4. Apply the qrcode field to this frame and go to the Data Merge panel and select Content Placement Options. In the dropdown field “Image Placement” select the fitting “Fill frames proportionally”.12qr
  5. Instead of using the “preview” function, go to the Data Merge panel and select the Export to PDF function and export one record only. In the example, page 7 was chosen at random.13qr
  6. Once satisfied that the merge looks like it will work, again use the Export to PDF function to export the entire merge to a PDF.

For the barcodes to fit the image, the PDFs need to import PDFs based on the bounding box. If the images are not fitting the frame properly, an additional script originally by Dave Saunders (but improved upon by Marc Autret) will allow the import option to change. The script is available from this forum and once loaded and run into InDesign, the option to select is “Content All Layers”

14qr

So there it is. It is worth noting that this is a workaround and not a direct live Data Merge solution. There are limitations to this solution:

  • Resulting codes can’t be colorised on-the-fly;
  • If the database changes, this will mean repeating the entire process, rather than simply updating the data in the data merge file once, and removing all  QRcodes created previously.
  • Because the codes are not human readable without a decoder, there is added emphasis to check, recheck and check again to make sure the merge is behaving properly.

While this is a workaround, there is no doubt that a turnkey solution is preferable. There are enough third party providers making variable barcode solutions for Adobe InDesign. The full list is available here. From memory here is a list of third party providers that provide variable QR codes as part of a complete VDP package:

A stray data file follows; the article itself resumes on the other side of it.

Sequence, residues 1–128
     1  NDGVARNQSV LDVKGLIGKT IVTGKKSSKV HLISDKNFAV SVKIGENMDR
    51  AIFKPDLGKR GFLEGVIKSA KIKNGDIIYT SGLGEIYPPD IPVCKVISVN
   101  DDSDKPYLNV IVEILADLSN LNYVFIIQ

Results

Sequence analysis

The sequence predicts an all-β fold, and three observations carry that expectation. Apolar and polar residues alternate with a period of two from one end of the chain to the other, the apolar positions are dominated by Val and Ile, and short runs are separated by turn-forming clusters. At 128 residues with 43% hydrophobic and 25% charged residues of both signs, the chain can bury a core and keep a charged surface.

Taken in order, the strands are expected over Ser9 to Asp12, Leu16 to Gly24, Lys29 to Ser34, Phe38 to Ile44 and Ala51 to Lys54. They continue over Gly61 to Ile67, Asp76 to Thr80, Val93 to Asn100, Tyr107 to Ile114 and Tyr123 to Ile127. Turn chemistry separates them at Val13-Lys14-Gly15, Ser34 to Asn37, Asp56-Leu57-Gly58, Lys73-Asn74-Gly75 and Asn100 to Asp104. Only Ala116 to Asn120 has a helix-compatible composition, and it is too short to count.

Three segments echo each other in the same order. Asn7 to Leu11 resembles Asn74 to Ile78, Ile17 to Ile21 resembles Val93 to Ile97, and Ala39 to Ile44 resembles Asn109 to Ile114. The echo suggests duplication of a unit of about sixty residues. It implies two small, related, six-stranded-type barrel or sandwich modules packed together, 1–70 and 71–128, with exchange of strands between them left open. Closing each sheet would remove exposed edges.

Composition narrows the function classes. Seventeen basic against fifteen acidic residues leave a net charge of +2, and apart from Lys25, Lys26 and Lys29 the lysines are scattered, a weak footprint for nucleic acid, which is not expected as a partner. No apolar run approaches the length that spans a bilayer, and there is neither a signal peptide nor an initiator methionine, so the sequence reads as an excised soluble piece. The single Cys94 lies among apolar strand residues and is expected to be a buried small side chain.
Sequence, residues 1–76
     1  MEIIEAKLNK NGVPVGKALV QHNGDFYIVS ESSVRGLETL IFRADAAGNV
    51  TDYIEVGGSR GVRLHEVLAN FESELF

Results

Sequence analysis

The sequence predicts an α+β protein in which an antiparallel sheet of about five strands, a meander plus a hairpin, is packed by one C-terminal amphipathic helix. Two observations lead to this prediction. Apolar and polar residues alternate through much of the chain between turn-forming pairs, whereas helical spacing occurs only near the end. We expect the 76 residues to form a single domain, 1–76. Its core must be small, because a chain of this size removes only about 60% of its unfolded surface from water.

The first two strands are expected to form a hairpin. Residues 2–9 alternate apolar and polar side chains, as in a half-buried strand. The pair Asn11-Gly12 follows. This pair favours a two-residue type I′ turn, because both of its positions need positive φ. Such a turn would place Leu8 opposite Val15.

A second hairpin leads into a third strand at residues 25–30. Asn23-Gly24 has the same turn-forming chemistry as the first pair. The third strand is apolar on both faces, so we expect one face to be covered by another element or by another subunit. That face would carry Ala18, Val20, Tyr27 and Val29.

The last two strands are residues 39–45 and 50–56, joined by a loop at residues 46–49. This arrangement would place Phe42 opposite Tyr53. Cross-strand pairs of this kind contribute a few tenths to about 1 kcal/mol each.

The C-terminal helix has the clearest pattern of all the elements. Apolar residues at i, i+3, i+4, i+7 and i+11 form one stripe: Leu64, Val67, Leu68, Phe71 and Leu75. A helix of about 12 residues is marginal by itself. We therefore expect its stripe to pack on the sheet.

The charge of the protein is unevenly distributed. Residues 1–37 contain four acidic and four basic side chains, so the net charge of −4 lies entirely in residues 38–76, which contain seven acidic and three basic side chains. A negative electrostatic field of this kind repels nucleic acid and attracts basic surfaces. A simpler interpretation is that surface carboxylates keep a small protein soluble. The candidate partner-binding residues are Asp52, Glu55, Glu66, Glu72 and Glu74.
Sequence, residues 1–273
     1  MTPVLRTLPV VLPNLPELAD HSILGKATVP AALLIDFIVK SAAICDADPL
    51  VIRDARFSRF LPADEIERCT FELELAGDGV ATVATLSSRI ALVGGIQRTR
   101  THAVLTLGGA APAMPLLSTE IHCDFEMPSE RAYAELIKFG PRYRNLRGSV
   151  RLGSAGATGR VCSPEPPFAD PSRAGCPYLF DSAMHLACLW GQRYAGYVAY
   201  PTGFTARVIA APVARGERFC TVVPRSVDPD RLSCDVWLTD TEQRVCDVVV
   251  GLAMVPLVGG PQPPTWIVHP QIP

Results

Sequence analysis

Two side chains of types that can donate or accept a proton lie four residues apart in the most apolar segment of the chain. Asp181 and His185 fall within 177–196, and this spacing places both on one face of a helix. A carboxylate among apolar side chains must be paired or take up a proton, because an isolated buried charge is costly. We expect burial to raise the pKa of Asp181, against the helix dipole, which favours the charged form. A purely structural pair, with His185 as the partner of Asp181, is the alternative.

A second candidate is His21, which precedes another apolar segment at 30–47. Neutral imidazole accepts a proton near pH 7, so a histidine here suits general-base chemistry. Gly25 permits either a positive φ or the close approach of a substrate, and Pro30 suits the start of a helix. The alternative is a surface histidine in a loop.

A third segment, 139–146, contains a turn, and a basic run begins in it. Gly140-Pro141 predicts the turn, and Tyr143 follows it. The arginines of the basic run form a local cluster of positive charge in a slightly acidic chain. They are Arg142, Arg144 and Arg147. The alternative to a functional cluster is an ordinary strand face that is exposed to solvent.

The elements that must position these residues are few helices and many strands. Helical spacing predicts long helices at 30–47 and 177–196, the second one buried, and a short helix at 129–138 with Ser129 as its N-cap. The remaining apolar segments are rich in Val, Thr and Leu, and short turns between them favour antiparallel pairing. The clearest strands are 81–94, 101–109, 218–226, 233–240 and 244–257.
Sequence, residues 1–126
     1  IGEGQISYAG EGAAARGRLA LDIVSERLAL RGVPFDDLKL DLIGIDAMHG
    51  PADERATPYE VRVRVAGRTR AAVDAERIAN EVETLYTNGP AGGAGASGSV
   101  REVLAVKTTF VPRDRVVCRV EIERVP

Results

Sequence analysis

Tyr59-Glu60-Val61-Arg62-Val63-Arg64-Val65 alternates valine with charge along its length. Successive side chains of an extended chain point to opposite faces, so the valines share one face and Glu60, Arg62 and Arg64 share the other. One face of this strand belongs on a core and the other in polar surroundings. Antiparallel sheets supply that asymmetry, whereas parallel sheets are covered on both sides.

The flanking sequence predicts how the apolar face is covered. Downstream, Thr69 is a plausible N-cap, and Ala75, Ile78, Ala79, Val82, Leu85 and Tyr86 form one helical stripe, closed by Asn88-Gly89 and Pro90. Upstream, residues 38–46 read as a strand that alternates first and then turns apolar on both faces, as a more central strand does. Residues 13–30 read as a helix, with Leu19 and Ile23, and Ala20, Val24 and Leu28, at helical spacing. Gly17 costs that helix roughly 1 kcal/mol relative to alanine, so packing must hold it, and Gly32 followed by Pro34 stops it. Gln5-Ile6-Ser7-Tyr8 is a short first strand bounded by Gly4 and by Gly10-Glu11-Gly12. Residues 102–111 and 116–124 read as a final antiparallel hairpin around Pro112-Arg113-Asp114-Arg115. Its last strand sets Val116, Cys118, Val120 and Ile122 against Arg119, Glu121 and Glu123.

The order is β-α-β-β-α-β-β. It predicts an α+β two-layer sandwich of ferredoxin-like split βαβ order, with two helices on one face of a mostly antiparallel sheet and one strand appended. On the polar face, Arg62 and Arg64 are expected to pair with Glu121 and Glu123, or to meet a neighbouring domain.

• Rorohiko’s Tada QR;
  • XMPie’s uDirect;
  • Meadows Publishing Software
  • Cacidi LiveMerge;
  • Teacup Software’s BarcodeMaker;
  • DirectSmile;
  • Objectif Lune’s Printshop Mail;

Several edits since this was first published:

  • Added a list of third party providers who provide variable QR codes and moved a reference to an individual one earlier on in the article into that list;
  • Fixed type within field chevrons that did not appear when the article was published;
  • Acknowledged that variable QR codes via Data Merge are now possible in Adobe InDesign CC 2014

I’m gonna knock you out, my printer didn’t knock you out…

An earlier post “To Overprint or not to Overprint, Black is the question” explains how the colour labelled [Black] in InDesign behaves, and when solid black ink should and should not knock out of the colours behind it.

Paying attention to this advice and applying it to artwork should result in a good printed reproduction, correct? While the answer should be yes, there is one more level of control of black appearance and overprints, and that is in the hands of the printing company and their output software.

OFFSET EXAMPLE